Place:Bucknell, Shropshire, England

Watchers
NameBucknell
Alt namesBucknallsource: mis-spelling
TypeParish
Coordinates52.36°N 2.95°W
Located inShropshire, England
Also located inHerefordshire, England    
See alsoWigmore Hundred, Herefordshire, Englandhundred which covered part of the parish
source: Family History Library Catalog
the following text is based on an article in Wikipedia

Bucknell is a village and civil parish in south Shropshire, England. The village lies on the River Redlake, within 660 yards (600 m) of the River Teme and close to the borders with Wales and Herefordshire. It is about 6 miles (9.7 km) east of Knighton in Radnorshire, Wales.

The name is derived from Old English and means "Bucca's hill" or "he-goats' hill".

The earliest of the existing buildings date back to the 17th century. The houses were built in a haphazard fashion near the river with easy access to water. The village depended on water from the river and wells until the 1920s when water was piped into the village from a spring above Chapel Lawn. The houses at the lower end of the village were very susceptible to flooding, and this hazard continued until the ford was walled up in the 1950s.

The Old School House was built in the 16th century: this part being the part of the building next to the river and provided education for those who could pay for it. The school remained until the present one was built in 1865. The Old School House then became a shop and bakers' before becoming a private dwelling. The front part of the building pre-dates the rear by around 200 years making it 13th/14th century. Whilst being restored it was found to have once existed as a ground-floor-only property with evidence of an open fire pit and an opening in the roof to allow the smoke to escape. This pre-dates the inglenook fireplace to the rear and was believed to have been a medieval great hall. The restoration completion date for the private dwelling was 1999. The land upon which the present school was built was given in 1865. The first schoolmaster appointed in 1867 to the new St Mary's National School was Mr Henry Evans, 24 years old.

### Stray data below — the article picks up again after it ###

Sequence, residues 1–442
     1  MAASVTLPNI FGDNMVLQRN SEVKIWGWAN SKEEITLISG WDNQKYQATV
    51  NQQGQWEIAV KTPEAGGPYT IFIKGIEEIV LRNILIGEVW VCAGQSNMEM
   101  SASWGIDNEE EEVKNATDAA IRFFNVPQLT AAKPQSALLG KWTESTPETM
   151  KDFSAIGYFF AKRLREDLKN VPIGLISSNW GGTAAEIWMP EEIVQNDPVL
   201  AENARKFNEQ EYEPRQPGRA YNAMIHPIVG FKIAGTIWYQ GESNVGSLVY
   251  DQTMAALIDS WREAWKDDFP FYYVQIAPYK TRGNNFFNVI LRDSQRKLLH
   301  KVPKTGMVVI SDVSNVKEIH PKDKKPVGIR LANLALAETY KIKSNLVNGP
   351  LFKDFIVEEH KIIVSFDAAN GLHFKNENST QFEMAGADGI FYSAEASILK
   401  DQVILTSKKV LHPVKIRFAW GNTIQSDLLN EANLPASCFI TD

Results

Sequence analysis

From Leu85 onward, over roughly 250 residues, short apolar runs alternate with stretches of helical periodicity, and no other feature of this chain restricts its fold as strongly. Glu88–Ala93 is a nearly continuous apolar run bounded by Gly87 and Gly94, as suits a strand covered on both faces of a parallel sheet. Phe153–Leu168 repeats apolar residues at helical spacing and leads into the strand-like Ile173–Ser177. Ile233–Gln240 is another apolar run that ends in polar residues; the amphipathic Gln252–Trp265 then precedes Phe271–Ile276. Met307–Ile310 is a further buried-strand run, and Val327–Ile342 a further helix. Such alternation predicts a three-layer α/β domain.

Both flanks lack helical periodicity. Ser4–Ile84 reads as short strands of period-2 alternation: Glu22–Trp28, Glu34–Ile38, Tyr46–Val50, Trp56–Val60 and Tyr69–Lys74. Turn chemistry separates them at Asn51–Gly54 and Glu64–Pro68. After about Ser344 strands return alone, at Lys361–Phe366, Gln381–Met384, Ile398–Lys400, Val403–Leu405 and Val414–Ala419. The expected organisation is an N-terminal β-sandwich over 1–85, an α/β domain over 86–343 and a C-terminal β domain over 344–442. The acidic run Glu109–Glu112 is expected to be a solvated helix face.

A Vision of Britain through Time provides the following description of Bucknell from John Marius Wilson's Imperial Gazetteer of England and Wales of 1870-72:

"BUCKNELL, a township and a parish in the [registration] district of Knighton; the former in the county of Salop [Shropshire]: the latter partly also in the county of Hereford. The township lies on the river Teme, adjacent to the Knighton railway, 4½ miles ENE of Knighton. It has a station on the railway, and a post office under Leintwardine. Acres: 2,730. Real property: £5,914. Population: 622. Houses: 108. The parish includes also the township of Buckton and Coxall. Acres: 4,160. Real property, with Brampton-Brian and Pedwardine: £10,230. Population: 790. Houses: 139. The property is divided among a few. The living is a vicarage, united with the [perpetual] curacy of Buckton, in the diocese of Hereford. Value: £332. Patron: the Grocers' Company, London. The church is good. Charities, £18."

"Only the township of Buckton-and-Coxall is within Herefordshire, about one quarter of the parish." (Source: The Parish Registers of Herefordshire, J Harnden, 1987, ISBN 0 9512347 0 6)

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